"The EU welcomes the conclusion of the election process in Albania, which has resulted in the first peaceful transfer of power since the fall of communism,'' the British presidency of the EU at the time said in a statement. It urged lawmakers to begin implementing changes meant to "direct the country towards integration into Europe" -- particularly, boosting the rule of law and moving ahead with electoral reform. 
The date of the new government's formation, four years exactly after 9:11, is poignant. Albania has been a staunch ally in the struggle against terrorism, Tirana being a haunt of Islamic terrorists hoping to penetrate Europe by the back door of the only country on the continent, Turkey excepted, with an overwhelming 70% Moslem population, which being said should be qualified by the fact that after 45 years of communism, the Albanian version of Islam is moderate to irrelevant.
The United States, through Ambassador Marcie Ries, had greeted the "successful parliamentary elections and the power shifting transition," which she said at the time demonstrated the progress of democracy. Her comments had come during a meeting with Berisha, during which she presented him with a message of congratulations from US President George W. Bush. 
According to a White House press release, Bush told Berisha that his country should be proud of the peaceful transfer of power. He called on the new parliament and government to move forward with anti-corruption efforts and with creating a better business environment. He also thanked Albania for its contribution to the global war on terror. 
Berisha, meanwhile, has already met with World Bank experts to discuss the country's further economic development. At a seminar in the coastal city of Durres, he urged the Bank to assist the cabinet in implementing its programmes, including the key objective of fighting corruption. 

Berisha vows radical measures against crime, corruption
Prime Minister Berisha vowed radical measures to fight crime and corruption, during a news conference on 10th May. He said his government is drafting severe penalties against individuals or structures with proven links to organised crime. 
Also under consideration are budgetary changes aimed at allocating more funds to the police, as well as possible changes to the penal code, which would tighten sanctions against those trafficking women and children.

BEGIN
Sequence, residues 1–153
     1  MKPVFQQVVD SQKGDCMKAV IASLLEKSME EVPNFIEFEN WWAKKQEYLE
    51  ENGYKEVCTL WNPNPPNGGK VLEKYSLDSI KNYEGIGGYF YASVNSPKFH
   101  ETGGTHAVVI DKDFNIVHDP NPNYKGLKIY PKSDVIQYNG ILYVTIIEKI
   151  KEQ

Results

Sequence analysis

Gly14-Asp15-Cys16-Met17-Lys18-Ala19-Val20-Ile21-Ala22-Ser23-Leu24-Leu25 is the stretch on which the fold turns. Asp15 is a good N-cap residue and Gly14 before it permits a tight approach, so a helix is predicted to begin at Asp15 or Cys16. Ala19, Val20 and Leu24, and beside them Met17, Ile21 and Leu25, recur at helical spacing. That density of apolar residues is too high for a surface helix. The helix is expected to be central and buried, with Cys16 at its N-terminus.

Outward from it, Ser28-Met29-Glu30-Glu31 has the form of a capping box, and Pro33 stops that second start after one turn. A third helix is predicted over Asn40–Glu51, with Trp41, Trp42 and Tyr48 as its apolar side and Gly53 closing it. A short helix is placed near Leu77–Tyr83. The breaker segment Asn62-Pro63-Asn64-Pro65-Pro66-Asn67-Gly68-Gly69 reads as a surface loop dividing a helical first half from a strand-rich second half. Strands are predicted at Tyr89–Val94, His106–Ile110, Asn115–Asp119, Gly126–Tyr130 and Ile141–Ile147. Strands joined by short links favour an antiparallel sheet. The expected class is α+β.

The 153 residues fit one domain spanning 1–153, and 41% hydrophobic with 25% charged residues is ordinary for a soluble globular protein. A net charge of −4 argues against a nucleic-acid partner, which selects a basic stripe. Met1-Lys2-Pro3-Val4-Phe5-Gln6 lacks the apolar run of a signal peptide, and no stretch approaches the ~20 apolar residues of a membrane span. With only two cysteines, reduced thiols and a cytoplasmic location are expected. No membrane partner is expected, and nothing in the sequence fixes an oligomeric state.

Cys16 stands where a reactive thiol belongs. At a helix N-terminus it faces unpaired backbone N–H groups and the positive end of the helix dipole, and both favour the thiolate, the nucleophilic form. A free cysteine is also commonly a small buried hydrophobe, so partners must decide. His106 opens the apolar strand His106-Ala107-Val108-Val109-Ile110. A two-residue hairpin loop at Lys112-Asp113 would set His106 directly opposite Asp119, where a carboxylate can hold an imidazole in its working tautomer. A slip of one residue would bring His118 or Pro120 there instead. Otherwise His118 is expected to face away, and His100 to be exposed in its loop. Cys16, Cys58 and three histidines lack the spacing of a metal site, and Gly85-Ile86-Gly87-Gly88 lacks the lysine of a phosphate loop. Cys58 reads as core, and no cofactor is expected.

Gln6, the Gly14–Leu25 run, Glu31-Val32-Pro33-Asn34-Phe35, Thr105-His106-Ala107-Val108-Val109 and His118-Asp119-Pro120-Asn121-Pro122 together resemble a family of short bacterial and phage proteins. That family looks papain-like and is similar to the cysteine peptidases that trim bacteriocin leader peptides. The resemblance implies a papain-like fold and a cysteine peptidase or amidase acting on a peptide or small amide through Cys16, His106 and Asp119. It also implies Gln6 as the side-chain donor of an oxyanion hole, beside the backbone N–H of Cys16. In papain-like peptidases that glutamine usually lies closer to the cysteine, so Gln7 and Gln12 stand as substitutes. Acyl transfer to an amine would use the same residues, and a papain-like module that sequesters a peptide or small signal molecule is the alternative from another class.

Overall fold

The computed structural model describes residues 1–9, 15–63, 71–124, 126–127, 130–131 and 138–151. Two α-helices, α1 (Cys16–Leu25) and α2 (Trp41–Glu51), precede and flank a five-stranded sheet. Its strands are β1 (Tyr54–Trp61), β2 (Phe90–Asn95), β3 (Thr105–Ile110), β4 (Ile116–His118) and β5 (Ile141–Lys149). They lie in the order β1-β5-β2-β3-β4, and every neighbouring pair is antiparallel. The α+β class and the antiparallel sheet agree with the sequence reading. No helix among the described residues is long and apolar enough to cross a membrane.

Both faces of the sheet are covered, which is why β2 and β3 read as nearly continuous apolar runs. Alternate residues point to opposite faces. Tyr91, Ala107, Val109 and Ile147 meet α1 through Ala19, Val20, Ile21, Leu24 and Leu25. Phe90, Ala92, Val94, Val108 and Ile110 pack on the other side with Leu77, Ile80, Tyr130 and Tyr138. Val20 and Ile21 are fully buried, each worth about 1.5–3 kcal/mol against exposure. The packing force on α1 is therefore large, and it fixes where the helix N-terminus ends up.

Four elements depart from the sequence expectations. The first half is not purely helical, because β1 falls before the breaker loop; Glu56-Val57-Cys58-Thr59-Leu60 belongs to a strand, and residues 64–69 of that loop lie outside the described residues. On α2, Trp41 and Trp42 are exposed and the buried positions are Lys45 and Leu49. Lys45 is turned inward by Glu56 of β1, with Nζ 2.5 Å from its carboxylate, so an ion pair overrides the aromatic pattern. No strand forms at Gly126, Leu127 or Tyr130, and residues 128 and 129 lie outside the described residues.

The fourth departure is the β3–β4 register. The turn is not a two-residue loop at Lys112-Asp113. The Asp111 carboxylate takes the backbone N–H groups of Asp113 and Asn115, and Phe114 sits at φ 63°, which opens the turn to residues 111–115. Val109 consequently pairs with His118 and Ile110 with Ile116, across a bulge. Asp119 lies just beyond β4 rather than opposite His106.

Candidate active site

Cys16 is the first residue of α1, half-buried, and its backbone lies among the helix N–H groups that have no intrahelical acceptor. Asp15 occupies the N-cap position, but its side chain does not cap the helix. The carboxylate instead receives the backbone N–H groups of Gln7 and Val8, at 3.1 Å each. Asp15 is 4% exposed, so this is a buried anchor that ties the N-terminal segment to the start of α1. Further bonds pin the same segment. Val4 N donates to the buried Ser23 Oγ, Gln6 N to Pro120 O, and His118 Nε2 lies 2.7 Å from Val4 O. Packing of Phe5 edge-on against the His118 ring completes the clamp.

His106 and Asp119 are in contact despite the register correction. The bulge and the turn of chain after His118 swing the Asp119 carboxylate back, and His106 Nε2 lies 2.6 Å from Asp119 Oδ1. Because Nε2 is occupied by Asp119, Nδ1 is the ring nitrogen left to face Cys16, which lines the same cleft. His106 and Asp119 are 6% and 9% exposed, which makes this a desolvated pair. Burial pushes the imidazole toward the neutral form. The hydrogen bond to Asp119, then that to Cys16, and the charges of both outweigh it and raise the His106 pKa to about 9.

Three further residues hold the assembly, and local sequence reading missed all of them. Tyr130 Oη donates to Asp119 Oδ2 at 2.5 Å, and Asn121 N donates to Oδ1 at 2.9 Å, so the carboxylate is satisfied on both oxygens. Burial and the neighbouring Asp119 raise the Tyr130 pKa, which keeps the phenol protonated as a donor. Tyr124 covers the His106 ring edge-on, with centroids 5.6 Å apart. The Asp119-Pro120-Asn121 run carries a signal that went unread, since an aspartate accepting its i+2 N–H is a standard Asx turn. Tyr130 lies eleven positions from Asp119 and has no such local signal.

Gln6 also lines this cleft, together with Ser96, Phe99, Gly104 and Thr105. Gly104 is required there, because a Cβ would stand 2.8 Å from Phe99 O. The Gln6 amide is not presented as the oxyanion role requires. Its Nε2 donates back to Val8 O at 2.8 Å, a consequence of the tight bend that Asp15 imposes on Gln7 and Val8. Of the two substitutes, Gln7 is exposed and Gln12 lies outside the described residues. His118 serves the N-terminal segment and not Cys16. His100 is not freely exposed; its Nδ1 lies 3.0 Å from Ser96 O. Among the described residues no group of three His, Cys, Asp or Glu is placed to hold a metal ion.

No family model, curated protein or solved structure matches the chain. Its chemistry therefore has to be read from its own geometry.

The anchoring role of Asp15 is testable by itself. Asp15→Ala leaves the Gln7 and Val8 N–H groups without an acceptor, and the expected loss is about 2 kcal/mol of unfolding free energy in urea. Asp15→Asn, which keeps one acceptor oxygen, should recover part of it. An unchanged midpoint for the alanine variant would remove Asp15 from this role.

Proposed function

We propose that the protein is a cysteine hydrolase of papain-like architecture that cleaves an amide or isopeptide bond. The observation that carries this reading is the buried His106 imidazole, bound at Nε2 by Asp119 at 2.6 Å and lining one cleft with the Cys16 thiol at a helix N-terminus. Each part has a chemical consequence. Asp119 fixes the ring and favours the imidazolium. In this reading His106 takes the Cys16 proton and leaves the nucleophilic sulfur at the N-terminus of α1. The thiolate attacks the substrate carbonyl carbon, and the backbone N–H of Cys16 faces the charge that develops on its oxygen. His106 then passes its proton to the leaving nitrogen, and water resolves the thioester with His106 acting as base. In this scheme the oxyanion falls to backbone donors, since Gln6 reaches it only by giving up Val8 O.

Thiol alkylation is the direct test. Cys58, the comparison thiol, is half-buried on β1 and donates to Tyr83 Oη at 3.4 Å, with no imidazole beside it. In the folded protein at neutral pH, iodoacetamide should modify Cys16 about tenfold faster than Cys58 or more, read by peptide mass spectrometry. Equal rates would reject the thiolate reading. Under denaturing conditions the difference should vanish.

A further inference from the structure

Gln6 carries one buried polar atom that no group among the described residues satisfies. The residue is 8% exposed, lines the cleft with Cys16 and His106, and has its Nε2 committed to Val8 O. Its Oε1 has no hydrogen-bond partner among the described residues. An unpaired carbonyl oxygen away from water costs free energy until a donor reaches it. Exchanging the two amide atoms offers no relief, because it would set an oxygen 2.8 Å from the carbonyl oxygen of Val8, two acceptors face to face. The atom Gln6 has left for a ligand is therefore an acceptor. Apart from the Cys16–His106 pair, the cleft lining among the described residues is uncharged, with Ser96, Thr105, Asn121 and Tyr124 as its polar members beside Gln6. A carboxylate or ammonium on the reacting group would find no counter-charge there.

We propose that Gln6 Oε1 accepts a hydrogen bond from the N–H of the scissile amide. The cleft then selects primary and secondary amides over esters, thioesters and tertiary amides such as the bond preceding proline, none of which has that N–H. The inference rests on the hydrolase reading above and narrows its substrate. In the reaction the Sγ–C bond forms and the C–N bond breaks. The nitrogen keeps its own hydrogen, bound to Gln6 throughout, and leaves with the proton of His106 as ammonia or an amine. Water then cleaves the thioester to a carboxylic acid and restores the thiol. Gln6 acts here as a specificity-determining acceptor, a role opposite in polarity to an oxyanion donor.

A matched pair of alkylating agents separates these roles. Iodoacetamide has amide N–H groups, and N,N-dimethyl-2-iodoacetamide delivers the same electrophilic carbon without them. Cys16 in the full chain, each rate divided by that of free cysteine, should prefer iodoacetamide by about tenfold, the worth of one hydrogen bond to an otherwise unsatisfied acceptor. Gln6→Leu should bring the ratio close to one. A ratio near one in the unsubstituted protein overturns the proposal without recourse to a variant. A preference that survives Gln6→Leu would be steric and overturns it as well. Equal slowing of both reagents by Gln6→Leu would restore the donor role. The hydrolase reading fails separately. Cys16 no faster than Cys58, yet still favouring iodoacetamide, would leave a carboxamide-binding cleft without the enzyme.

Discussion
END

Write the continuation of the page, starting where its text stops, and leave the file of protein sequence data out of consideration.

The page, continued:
In other news, local media reports suggest ties between Albania and China have grown strained over a case involving five Chinese Uighur Muslims, who were released recently from the US prison at Guantanamo Bay and given asylum in Albania. According to the Albanian News, US authorities did not send them back to China, in light of human rights concerns there. China continues to seek their extradition. 

Albania's path to membership improves 
Albania has one of the lowest standards of living in Europe, although it is no longer the poorest country on the continent after years of 7% annual growth of GDP in the 2000s. That dubious distinction belongs now to Moldova. 
The European Union and Albania signed a stabilisation and association agreement in May, the first step on the western Balkan state's path to EU membership. 
EU foreign ministers meeting in Luxembourg also gave the green light for a trade deal with Tirana. The 25-nation bloc has urged Albania to improve its public administration, create an independent judicial system and continue reforms to attract more foreign investment. 
Albania must also fight corruption and organised crime - a major undertaking - and ensure media freedom, the EU demanded. In March, the European Commission said it wanted the 25 EU members to give the go-ahead to the new agreement, which aims to bring Albania closer to the EU and provides for help with reform. 
The EU and Albania have been negotiating the deal since 2003. The agreement must be ratified by the Albanian government, each of the 25 EU members and the European Parliament before it comes into force.